Harness your trading potential April 26, 2018 Join us at Wealth Training offices for a full day seminar using  WinWayCharts Darren Winters preferred trading software ​​​​​​​ New to WinWayCharts or a veteran looking for a refresher, this seminar is for you. We’ll be covering in detail the application of Darren Winters indicators and strategies within the trading software and taking you through some of the powerful tools that will make your analysis easier and save you time. Now more than ever, stock traders need an edge to successfully trade stocks We really don’t care if the market goes up or down. With the right tools, used the right way, there are always opportunities to make money trading stocks. In this full-day seminar, Steve Hill, founder of WInWayCharts, will start at the top with the powerful Market Analysis tools, Sector Rotation and Stock Selection, plus he’ll recap technical indicators that Darren uses and reveal additional confirming indicators that are essential for making good trading decisions, . All of this will build up to developing a trading strategy that suits your trading style. Finally he’ll take you through trade execution and trade management with live market action and trades. With this traders blueprint, you’ll have the tools you need to take your trading efficiency to a new level.     Rare opportunity to spend the day with WinWayCharts founder Steve Hill Those of you have had an opportunity to spend time with Steve at sessions at Wealth Training will appreciate his broad and in-depth knowledge and experience in trading analysis. Darren and Steve have worked together to develop and improve the WinWayCharts software throughout the last 10 years. Today the WinWayCharts platform is...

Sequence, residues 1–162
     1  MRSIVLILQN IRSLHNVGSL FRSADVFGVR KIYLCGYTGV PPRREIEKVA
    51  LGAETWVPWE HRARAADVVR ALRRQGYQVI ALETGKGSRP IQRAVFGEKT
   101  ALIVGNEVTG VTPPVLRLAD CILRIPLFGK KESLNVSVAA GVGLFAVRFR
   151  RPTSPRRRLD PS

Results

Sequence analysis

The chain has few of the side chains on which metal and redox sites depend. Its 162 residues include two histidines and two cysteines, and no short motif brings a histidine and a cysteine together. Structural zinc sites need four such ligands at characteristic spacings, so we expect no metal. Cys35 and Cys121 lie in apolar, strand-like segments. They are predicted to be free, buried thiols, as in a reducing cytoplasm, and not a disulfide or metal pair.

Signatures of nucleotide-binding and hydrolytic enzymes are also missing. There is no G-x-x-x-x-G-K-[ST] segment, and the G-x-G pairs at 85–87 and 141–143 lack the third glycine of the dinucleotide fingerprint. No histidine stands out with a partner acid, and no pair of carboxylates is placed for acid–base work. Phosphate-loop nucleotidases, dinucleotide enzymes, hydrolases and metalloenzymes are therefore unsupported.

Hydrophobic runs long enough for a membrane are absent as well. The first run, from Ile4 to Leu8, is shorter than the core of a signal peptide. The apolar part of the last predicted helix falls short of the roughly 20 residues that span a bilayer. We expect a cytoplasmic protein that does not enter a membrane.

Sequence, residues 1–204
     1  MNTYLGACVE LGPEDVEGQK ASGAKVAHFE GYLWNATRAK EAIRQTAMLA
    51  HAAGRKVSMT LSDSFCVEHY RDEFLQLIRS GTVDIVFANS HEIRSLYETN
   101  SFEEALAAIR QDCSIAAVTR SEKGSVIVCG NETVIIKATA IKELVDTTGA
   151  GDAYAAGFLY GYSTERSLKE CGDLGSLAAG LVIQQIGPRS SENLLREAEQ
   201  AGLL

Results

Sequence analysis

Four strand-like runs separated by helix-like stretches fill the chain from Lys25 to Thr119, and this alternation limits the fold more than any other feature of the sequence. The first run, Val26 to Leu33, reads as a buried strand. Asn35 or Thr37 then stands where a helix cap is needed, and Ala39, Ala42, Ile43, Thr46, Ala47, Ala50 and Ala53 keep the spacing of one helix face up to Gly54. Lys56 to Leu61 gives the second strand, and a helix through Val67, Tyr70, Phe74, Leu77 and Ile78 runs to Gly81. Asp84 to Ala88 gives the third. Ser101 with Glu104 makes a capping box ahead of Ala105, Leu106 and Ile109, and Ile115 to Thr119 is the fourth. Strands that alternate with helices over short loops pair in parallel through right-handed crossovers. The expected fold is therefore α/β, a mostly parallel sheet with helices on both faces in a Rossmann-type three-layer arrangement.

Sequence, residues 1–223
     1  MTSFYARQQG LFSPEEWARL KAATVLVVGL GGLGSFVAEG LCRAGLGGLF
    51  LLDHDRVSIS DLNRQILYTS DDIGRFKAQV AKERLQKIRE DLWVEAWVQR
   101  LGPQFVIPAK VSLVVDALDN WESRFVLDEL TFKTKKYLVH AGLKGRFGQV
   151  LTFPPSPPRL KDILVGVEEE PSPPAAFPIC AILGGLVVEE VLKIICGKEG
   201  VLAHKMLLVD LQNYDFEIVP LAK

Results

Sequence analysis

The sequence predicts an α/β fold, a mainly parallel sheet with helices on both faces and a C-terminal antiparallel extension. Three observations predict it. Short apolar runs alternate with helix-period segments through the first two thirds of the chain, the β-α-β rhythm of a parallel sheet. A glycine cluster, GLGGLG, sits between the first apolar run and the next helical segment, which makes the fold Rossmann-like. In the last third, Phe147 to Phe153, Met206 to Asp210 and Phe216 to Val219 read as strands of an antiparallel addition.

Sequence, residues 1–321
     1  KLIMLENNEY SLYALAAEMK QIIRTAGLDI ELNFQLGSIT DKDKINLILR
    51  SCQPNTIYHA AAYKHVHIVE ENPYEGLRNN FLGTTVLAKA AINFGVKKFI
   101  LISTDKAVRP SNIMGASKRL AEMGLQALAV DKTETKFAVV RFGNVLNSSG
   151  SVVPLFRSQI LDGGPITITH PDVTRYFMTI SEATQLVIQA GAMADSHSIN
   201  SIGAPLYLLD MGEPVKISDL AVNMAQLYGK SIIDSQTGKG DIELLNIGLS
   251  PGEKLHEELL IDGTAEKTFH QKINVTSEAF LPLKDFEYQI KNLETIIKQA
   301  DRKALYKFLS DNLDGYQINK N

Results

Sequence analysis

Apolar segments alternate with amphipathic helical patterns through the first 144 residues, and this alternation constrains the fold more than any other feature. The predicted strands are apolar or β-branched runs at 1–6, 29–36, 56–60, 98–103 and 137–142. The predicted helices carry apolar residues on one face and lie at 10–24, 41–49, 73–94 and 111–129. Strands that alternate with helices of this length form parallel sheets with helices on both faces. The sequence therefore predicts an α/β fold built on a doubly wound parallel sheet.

A Simple Indicator for Traders

First the Bad News: There are no “magic bullets” when it comes to trading.  There are people in this industry who have literally tested somewhere in the range of six bazillion “indicators” – give or take (“Hi. My name is Jay”).  Every trend following indicator looks like a gold mine when it latches onto a huge trend and rides it (but not so much when it starts getting whipsawed).  And every overbought/oversold indicator looks like a gift from heaven from time to time when it somehow manages to peak (or valley) and then reverses right at a high (or low).  And then the next time the thing gets oversold the security in question just keeps plunging and the previously “amazingly accurate” indicator just gets more and more oversold. Bottom line: what I am about to discuss is likely no better or worse than a lot of other indicators.  And it is no holy grail.  Still, I kinda like it – or whatever that is worth. EDITORS NOTE an WinWay EDS file for this indicator with the 3 step rules outlined can be downloaded from here you will need to copy or save this file into your wintes32/eds strategies folder. Alternatively the code is available at the end of this article for copying and pasting into a new EDS file. UpDays20 I call this indicator UpDays20 and I stole, er, learned it originally from Tom McClellan of McLellan Financial Publications.  My calculation may be slightly different because I wanted an indicator that can go both positive and negative. For a given security look at its trading gains and losses over the latest 20 trading days....

Successful Trading: Developing a Mindset and Process